Katarina is an Executive Branch Fellow at the Administration for Strategic Preparedness and Response (ASPR) at the Department of Health and Human Services.
This is the first in our series of Q&As to give applicants a glimpse at what it’s like to be a Horizon fellow. In this interview, Katarina Watney describes how she got involved in biosecurity policy and her fellowship experience at the Department of Health and Human Services.
Before becoming a Horizon Fellow, you worked at a variety of organizations focused on health policy. What were those experiences like, and what did you learn from them?
Before Horizon, I worked at CRDF Global, a government contractor, where I focused on international cooperative threat reduction. My research included questions like: how does the US cooperatively engage with other countries to increase our biosafety and biosecurity measures? How can we increase sanctions compliance to make sure bad actors aren't getting access to materials or money to further nefarious plans? While working there, I learned some of the more operational components of government work. How do you interact with senior government officials as a client? How do you anticipate their needs and try to serve them? I learned a lot about government contracting and proposal writing.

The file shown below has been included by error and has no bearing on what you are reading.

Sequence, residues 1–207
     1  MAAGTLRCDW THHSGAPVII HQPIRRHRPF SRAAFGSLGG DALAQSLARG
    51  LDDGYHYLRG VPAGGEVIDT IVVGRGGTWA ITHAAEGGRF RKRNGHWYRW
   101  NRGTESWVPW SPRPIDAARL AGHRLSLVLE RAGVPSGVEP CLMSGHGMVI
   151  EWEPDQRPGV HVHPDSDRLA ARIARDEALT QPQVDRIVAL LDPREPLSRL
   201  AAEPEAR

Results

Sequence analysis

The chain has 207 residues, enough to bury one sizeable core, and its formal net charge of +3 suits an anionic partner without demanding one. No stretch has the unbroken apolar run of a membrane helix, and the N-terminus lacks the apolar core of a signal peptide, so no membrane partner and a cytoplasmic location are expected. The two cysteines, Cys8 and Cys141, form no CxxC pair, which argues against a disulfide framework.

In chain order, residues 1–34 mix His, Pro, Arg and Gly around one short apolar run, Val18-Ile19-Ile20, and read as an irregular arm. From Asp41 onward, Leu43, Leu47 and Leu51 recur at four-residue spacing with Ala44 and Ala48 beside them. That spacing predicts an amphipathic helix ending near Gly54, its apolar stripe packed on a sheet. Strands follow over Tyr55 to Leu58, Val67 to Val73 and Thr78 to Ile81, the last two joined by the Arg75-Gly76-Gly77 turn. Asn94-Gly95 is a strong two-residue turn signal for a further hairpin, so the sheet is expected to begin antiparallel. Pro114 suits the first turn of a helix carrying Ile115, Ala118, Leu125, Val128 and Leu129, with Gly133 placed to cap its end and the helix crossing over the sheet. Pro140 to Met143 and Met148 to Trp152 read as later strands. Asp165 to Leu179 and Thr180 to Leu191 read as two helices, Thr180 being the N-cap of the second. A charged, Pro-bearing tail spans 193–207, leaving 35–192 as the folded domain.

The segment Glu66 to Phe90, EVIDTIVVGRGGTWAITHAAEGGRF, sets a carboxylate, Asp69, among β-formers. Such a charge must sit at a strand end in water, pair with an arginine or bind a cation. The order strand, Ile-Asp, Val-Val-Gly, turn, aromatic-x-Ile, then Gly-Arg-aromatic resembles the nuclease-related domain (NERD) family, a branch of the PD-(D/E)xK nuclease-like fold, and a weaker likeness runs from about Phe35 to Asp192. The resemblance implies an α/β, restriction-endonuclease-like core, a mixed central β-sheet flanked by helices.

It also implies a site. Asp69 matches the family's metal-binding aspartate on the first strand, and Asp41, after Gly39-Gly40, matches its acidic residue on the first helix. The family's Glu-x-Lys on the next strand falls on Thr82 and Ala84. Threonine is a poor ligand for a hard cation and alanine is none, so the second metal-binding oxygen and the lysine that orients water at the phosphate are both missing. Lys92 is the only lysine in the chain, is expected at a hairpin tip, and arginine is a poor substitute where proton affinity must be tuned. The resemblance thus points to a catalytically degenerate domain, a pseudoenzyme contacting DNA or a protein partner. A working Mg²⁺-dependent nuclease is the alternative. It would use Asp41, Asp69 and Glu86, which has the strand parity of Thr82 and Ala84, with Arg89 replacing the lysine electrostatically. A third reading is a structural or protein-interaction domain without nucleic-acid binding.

I also worked at a health policy consulting firm, where I learned more about how to craft and propose policies, and once there is a policy change, how to interpret that change and how that change impacts different stakeholders. I worked on measuring and evaluating policies by setting up studies to figure out whether or not something is saving money and improving outcomes. One specific example is analyzing the use of Medicaid as a bundled payment model instead of a fee model. I faced questions like, how do we determine whether this maintains or improves outcomes while saving money? It’s very hard to set up a randomized controlled trial, so how should we collect relevant data? And how should we anticipate what different stakeholders might think? That’s the sort of policy mindset that the work helped me develop.